illustration by Kathryn Weaver

Mother's Day

T.R. North

Unexpected motherhood comes in an unusual way in T.R. North’s “Mother’s Day”. Set in a fascinatingly diverse, yet rather regulated, world, this story explores everything from reluctant parenting to created family to doing the best you can with the genes you inherited. This is the author’s first professional sale, and it’s one that gives me the warm fuzzies; I hope you enjoy it too!

Sita kneaded her temples and resisted the urge to overturn the table her elbows were braced against.

“My absentee father and his irresponsible alien girlfriend made an illegal clone of me ten years ago, and now that they’ve abandoned her as well, you expect me to raise her?” she asked.

The social services droid tilted its square head five degrees off the vertical and steepled its delicately-jointed fingers, and Sita was sure that if it made that gesture at her one more time, she really was going to overturn the table.

“You’re the closest genetic relative found in the galactic database,” the droid repeated patiently.

“Yes,” Sita hissed. “Because she’s a clone. An illegal clone, in case you didn’t catch that part.”

“Her genome has been analyzed thoroughly, and no indicators of corruption were found,” the droid told her. “The results of her test mean that she is eligible for amnesty under current laws. I have already initiated the process for certifying her as legal. It won’t present an undue burden.”

“And the part where I didn’t authorize a clone or receive notification?” Sita asked sourly.

“Regrettable. Would you like to file charges at this time?” The droid’s blank screen of a face lit up with a description of the relevant statutes and possible penalties for infraction.

“Yeah, sure. Add it to the small mountain of civil suits he’s already got pending,” Sita grumbled.

“Your complaint has been forwarded to the appropriate district for investigation,” the droid chirped. “Neither the registered parent nor the registered custodial guardian filed the necessary forms designating an alternate caretaker, so custody defaults to you.”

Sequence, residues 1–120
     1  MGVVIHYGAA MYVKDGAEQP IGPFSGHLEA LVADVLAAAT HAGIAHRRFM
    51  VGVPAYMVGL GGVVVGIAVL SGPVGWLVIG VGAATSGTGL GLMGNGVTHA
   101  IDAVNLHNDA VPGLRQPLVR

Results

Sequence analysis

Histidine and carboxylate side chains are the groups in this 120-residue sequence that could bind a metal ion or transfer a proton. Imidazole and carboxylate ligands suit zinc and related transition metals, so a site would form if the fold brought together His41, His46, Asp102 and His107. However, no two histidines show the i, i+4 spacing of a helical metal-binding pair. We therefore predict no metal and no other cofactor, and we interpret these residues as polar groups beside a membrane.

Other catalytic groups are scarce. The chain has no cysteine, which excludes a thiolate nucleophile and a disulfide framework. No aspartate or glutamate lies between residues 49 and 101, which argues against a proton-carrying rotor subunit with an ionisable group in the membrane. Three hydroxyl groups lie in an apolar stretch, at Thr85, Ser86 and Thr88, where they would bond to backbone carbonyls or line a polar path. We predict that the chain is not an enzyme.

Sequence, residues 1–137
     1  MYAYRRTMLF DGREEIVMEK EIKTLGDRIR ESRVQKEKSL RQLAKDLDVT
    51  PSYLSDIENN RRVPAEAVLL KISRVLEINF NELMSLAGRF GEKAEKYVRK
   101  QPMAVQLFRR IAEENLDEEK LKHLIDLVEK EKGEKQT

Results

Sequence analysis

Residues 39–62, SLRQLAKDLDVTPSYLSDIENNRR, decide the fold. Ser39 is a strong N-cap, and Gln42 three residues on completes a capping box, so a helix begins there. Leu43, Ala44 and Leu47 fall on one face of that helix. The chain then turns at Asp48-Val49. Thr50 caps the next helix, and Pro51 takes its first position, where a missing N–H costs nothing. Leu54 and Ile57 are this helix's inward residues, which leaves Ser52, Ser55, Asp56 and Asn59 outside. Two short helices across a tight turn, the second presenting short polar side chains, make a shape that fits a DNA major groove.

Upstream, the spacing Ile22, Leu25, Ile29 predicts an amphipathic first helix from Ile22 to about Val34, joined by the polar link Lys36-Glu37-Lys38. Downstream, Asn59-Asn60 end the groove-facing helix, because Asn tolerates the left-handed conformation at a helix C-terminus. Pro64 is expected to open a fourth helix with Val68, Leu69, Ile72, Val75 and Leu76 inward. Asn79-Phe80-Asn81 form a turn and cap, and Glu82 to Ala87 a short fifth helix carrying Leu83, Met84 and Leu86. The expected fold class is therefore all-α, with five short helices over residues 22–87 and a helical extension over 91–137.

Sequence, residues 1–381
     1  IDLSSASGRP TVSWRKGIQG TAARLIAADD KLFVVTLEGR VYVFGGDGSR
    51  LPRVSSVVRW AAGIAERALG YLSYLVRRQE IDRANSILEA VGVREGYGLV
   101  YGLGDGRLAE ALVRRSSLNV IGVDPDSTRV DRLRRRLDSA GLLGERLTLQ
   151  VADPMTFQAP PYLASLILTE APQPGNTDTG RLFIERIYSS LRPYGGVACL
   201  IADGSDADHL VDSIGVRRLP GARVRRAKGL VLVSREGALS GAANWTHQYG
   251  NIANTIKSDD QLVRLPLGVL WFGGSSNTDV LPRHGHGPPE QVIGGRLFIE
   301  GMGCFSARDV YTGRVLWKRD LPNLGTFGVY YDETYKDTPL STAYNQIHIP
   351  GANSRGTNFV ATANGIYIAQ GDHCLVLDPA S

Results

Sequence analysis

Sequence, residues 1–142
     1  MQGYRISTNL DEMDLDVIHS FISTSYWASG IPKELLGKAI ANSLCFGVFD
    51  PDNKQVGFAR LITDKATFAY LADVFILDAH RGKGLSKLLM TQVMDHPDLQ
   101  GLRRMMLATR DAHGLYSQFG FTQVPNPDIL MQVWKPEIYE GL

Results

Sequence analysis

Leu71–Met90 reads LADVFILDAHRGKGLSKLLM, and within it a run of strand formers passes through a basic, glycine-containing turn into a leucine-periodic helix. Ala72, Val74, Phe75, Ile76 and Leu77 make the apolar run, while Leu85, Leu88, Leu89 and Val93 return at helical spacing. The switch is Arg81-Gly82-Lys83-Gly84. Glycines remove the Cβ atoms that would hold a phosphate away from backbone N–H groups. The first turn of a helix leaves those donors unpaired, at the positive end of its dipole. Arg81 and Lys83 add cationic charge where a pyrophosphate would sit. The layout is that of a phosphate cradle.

Sita tugged at her braid and groaned in frustration. It seemed like ages ago and not just that morning that she’d been called off the factory floor over a family emergency. She’d been sure it was a case of mistaken identity and that supplying her correct min-soc metrics would have her back to work before the hour was out. Instead she’d been informed by a shiny new droid programmed with the latest in social services techniques that the man who’d left her and her mother to go gallivanting around the far ends of the galaxy with some orange-skinned heiress had decided to take a second shot at being her father. Only rather than filing a registry inquiry and sending a subspace communication apologizing for leaving and asking Sita to call him, he’d paid a blackmarket womb-farm to just manufacture a new infant with her DNA.

Of course, once she’d absorbed that information, the rest of it had made perfect sense. Kanishka pra Vale was not the sort of man to register alternate caretakers before abandoning his illegal offspring without warning or explanation in a spaceport diner. And while Sita thought that the Cerixen in general had an unfair reputation for being thoughtless, Duchess Fahseen of Gruoun III in specific had made earning the label her life’s work. Sita was sure that making provisions for their young ward in the event of their incarceration, disappearance, or death had never so much as crossed their minds, in spite of Kanishka being a known smuggler and sometimes-pirate operating in a very dangerous sector and Fahseen having been targeted for assassination at least three times that Sita knew of.

Sita brightened suddenly. “What about the Gruouni government? If the duchess is down as a custodial guardian, can’t they take her on?”

“The Gruouni government have chosen to interpret her as a pet,” the droid said. “Further inquiries also reflected their belief that Gruoun’s treaties do not cover parental responsibility, their confusion as to which duchess is under discussion, and that we have reached the wrong department and should contact them again at a later date.”